Identifier

etd-12102014-130109

Degree

Doctor of Philosophy (PhD)

Department

Biological Sciences

Document Type

Dissertation

Abstract

Many of the most notorious biological invasions occur at continent-wide or global scales but studies investigating mechanisms enhancing species invasions are often conducted at small spatial scales. Moreover, the contribution of mechanisms facilitating invasion might also vary across a geographical space. I used biogeographical approaches to explore the mechanisms enhancing invasion of introduced genotypes of Phragmites australis along the coastal wetlands of North America. I tested the hypotheses that large-scale disturbance events, such as hurricanes and tropical storms, enhance the invasion success of introduced P. australis in North America. The growth rate of P. australis patches was strongly and positively related to the frequency of hurricane events along the coastal wetlands of the United States. Hurricane frequency alone explained 81% of the variation in the growth rate of P. australis patches over this broad geographical range. I also examined the evolution of latitudinal gradients in native and invasive genotypes of P. australis in relation to plant-herbivore interactions in North America. Common garden experiments revealed that the native and invasive genotypes of P. australis have evolved latitudinal clines on traits associated with herbivory, specifically for aphid Hyalopterus pruni. For a chewing herbivore, Spodoptera frugiperda, only native genotypes exhibited latitudinal clines. The existence of non-parallel latitudinal gradients between native and invasive genotypes creates spatial heterogeneity in the importance of herbivory on P. australis invasion and suggests the greater susceptibility of high-latitude communities. These latitudinal and genotypic variations on plant defenses, palatability, and herbivory suggest a possibility of an asymmetric apparent competition between native and invasive genotypes. A replicated field study in four sites along the Atlantic Coast showed that invasive genotypes could suppress the fitness of native genotypes by herbivore-mediated apparent competition. Moreover, the intensity of apparent competition declined with increasing latitude. These biogeographical studies suggest that multiple processes might be contributing to the spread of the introduced genotypes of P. australis in North America and that the importance of these processes might vary along an environmental gradient. These studies have broader implications for understanding species invasions at the continental scale and for managing natural habitats that are threatened by plant invasions.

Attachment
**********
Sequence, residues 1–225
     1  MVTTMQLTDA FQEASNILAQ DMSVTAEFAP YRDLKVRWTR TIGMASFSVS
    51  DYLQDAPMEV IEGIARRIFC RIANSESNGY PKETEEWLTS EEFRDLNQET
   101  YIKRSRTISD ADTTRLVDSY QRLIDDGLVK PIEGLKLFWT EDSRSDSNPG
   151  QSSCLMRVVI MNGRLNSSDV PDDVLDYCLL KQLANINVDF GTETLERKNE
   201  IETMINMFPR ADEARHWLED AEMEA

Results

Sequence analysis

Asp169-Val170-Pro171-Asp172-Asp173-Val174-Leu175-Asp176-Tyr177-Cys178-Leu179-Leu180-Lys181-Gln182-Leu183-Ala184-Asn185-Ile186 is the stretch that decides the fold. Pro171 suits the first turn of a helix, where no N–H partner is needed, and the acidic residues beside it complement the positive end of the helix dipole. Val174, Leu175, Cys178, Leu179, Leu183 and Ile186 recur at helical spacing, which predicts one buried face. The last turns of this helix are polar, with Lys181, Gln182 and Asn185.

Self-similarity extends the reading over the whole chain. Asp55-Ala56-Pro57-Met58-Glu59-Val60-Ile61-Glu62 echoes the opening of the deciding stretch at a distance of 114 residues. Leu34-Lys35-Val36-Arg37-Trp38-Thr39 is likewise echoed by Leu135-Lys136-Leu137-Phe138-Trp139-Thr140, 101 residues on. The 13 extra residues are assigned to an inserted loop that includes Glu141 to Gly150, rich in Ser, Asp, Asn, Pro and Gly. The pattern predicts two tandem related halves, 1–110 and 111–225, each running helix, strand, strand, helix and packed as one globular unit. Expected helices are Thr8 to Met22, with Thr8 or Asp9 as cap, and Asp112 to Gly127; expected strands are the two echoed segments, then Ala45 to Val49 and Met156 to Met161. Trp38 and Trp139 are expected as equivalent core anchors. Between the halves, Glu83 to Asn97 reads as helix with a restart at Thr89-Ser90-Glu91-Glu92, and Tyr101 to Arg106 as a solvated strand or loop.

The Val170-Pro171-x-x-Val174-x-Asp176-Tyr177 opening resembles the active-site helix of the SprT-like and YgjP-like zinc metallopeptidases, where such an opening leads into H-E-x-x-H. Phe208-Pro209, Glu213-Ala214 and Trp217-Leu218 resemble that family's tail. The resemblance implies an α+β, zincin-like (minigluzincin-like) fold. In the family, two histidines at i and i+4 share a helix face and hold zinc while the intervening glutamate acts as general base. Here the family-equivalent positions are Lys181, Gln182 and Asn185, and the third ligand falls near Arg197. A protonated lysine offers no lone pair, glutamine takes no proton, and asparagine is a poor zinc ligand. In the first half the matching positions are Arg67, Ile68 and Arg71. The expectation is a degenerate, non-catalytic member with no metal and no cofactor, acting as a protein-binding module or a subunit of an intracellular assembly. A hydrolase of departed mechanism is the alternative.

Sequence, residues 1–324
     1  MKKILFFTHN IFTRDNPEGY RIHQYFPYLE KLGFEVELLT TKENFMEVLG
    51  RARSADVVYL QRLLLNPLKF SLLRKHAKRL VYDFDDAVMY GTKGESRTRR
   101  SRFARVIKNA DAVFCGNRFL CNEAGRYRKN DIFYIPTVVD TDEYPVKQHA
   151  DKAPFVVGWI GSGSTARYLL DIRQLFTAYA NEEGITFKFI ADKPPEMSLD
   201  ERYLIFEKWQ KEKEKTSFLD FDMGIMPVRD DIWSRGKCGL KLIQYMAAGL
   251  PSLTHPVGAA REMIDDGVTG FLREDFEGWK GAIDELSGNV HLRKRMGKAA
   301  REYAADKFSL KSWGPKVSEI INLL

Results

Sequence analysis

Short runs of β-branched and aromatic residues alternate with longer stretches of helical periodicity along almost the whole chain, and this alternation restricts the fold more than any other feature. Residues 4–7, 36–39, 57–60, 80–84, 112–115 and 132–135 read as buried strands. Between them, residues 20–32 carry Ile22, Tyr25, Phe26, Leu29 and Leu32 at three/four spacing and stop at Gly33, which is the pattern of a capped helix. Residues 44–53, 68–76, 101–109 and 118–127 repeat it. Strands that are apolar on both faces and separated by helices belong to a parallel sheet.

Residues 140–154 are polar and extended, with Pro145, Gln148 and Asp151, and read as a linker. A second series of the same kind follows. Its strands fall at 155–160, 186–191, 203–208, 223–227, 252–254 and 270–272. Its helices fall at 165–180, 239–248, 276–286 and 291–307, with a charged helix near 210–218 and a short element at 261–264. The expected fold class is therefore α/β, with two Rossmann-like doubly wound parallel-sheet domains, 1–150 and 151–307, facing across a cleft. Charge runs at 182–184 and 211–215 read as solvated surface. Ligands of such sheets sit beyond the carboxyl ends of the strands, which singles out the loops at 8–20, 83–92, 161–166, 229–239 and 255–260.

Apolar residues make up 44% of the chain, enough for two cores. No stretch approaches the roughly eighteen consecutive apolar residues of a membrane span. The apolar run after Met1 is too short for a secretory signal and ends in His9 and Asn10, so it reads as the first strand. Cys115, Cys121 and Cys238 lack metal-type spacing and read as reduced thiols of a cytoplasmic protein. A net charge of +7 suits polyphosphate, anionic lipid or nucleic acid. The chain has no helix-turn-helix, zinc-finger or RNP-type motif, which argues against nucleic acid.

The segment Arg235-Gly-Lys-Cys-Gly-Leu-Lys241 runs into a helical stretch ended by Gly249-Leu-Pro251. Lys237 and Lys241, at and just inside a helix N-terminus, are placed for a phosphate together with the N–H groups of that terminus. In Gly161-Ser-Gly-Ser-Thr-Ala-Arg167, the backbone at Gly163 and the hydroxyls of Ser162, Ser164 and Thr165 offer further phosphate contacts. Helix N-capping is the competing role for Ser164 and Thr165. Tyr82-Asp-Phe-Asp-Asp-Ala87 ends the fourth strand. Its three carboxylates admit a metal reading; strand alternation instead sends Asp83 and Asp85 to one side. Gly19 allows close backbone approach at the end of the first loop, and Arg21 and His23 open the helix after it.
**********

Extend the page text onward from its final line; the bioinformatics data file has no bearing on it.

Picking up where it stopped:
Date

2014

Document Availability at the Time of Submission

Release the entire work immediately for access worldwide.

Committee Chair

Cronin, James T.

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